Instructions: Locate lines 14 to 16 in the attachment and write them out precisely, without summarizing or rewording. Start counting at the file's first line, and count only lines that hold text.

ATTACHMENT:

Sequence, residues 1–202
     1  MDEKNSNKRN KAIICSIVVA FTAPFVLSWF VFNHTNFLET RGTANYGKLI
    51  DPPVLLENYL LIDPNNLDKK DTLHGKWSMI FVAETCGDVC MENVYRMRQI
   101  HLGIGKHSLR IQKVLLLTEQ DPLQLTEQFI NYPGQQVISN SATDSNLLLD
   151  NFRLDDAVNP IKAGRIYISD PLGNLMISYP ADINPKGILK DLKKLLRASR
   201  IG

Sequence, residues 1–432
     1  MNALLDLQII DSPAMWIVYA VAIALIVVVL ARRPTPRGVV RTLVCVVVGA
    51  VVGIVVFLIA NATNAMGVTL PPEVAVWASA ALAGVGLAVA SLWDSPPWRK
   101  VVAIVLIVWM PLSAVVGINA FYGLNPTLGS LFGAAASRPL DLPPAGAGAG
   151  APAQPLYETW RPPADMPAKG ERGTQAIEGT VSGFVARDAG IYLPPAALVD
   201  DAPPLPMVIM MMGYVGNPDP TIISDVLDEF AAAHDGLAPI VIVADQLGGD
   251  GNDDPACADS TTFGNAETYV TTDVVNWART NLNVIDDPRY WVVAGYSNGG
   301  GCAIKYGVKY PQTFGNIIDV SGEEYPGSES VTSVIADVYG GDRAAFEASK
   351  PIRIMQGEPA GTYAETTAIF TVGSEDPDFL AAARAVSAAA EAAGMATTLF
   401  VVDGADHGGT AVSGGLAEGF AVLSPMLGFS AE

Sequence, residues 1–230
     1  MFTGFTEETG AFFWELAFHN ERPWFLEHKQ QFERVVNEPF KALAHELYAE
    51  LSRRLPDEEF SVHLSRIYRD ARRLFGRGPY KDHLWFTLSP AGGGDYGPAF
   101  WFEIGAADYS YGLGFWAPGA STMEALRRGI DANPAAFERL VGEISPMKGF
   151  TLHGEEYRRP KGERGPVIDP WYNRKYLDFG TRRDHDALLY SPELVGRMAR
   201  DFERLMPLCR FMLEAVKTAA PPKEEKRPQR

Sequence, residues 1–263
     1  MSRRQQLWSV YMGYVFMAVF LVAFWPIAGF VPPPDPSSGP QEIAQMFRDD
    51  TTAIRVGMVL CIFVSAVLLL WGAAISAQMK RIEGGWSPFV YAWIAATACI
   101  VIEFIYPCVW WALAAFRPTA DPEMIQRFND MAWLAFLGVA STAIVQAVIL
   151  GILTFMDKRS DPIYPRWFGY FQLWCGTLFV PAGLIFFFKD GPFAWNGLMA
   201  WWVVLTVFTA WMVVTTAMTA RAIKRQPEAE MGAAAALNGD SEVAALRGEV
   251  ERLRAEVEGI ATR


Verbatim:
   301  GCAIKYGVKY PQTFGNIIDV SGEEYPGSES VTSVIADVYG GDRAAFEASK
   351  PIRIMQGEPA GTYAETTAIF TVGSEDPDFL AAARAVSAAA EAAGMATTLF
   401  VVDGADHGGT AVSGGLAEGF AVLSPMLGFS AE